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AISB event Bulletin Item

2nd CALL FOR PAPERS: Machine Learning and Affective Computing, Oct 9th, 2011, USA

Machine Learning for Affective Computing (ACII Workshop), Memphis, TN, USA

Affective computing (AC) is a unique discipline which attempts to model affect using one or 
multiple modalities by drawing on techniques from many different fields. AC often deals with 
problems that are known to be very complex and multi-dimensional, involving different kinds of 
data (numeric, symbolic, visual etc.). However, with the advancement of machine learning techniques,
a lot of those problems are now becoming more tractable.
The purpose of this workshop is to engage the machine learning and affective computing communities 
towards solving the problems related to understanding and modeling social affective behaviors. We 
welcome the participation of researchers from diverse fields, including signal processing and 
pattern recognition, statistical machine learning, human-computer interaction, human-robot 
interaction, robotics, conversational agents, experimental psychology, and decision making.

There is a need for a set of high standards for recognizing and understanding affect. At the same 
time, these standards need to take into account that the expectations and validations in this area 
may be different than in traditional research on machine learning. This should be reflected in the 
design of machine learning techniques used to tackle these problems. For example, affective data 
sets are known to be noisy, high dimensional, and incomplete. Classes may overlap. Affective 
behaviors are often person specific and require temporal modeling with real-time performance. 
This first edition of the ACII Workshop on Machine Learning for Affective

Computing will be the perfect venue to invoke such discussions and engage the community towards 
design and validation of learning techniques for affective sensing.




We invite submissions of high-quality papers describing novel research on machine learning applied
 to human affective computing and related topics. Suitable themes include, but are not limited to:

* Automatic recognition of spontaneous affective states

* Multimodal integration of speech, facial expressions and body posture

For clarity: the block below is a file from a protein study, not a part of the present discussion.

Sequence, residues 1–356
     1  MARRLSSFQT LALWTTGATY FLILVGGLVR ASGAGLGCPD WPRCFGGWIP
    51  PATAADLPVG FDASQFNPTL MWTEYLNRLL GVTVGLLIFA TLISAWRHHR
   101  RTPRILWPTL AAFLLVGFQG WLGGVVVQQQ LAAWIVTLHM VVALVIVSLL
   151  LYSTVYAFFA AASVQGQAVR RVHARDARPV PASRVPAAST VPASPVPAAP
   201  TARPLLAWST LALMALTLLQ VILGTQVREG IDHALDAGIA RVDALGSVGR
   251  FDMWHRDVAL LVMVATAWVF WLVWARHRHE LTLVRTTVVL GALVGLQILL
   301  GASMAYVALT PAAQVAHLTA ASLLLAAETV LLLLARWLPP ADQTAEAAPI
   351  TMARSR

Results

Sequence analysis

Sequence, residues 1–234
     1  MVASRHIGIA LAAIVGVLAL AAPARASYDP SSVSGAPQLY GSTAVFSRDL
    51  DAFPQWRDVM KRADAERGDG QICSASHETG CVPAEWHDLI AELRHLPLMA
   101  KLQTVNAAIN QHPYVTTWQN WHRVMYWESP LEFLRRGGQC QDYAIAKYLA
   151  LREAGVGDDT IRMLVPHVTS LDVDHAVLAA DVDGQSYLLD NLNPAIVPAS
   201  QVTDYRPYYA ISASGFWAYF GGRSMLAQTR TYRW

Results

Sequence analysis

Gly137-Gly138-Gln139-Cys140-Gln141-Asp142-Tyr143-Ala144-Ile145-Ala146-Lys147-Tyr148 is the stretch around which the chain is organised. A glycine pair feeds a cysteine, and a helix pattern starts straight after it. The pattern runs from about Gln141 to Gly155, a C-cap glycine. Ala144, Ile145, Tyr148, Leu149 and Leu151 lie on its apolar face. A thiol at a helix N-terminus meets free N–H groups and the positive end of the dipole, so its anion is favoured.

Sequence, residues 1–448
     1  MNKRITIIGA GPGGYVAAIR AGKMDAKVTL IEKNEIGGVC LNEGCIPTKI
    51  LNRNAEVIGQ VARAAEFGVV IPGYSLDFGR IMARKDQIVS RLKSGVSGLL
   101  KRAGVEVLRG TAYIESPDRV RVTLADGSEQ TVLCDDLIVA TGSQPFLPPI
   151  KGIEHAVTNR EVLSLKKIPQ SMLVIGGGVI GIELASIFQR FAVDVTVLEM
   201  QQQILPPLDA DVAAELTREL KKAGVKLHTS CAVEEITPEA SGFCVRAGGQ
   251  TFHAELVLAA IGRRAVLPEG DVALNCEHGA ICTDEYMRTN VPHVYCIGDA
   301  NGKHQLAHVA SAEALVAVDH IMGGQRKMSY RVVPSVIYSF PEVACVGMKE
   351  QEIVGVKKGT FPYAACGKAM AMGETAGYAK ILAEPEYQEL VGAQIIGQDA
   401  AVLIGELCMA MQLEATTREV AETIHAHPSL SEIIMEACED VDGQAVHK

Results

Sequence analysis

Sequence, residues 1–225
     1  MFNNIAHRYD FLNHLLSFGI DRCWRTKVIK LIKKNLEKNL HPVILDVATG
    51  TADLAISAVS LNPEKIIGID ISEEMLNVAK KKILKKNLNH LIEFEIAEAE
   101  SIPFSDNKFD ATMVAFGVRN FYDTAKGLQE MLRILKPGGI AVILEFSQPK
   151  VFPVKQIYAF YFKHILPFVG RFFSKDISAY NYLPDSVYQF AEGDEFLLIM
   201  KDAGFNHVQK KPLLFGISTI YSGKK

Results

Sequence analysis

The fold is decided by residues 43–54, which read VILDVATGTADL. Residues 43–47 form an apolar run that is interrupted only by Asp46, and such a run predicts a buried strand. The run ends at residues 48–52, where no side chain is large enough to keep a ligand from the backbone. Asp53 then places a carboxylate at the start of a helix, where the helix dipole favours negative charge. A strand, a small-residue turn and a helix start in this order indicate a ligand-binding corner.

* Audio-visual signal processing

* Context-based understanding of affective state

* Feature selection and engineering

* Online user adaptation and calibration

* Unsupervised analysis of affective behaviors

* Spontaneous datasets for affective learning

* Evaluation metrics for probabilistic modeling of affective states

The paper should not include work previously published elsewhere or under review in other 

Program Committee (partial list):


Alessandro Vinciarelli (Glasgow)

Ashish Kapoor (Microsoft Research)

Athanassios (Nassos) Katsamanis (USC)

Carlos Busso (UT-Dallas)

Dan Bohus (Microsoft Research)

Fernando De la Torre (CMU)

Ginevra Castellano (Queen Mary University)

Jean-Claude Martin, (LIMSI-CNRS)

France Jeffrey Cohn (Pitt)

Jonathan Gratch (USC)

Julia Hirschberg (Columbia)

Magalie Ochs (Telecom Paris Tech)

Matthew Turk (UCSB)

Nicu Sebe (Trento)

Peter Robinson (Cambridge)

Rana el-Kaliouby (MIT)

Ross Beveridge (Colorado State)

Shri Narayanan (USC)

Tanzeem Chowdhury (Dartmouth)

Winslow Burleson (ASU)



Submission guidelines:



Papers will be published in the proceedings of ACII 2011 by Springer. Papers should not exceed 10 
pages and should be formatted to the Springer LNCS formatting guidelines Papers must be submitted as PDF 
through the EasyChair Conference system, which can be accessed via the web at

Important dates:


Submission deadline: June 24th, 2011, 11:59pm PDT

Notification of acceptance: July 15th, 2011

Camera ready version due: July 25th, 2011

Workshop: October 9th, 2011




M. Ehsan Hoque (MIT)

Dan McDuff (MIT)

Louis Philippe Morency (USC)

Rosalind Picard (MIT)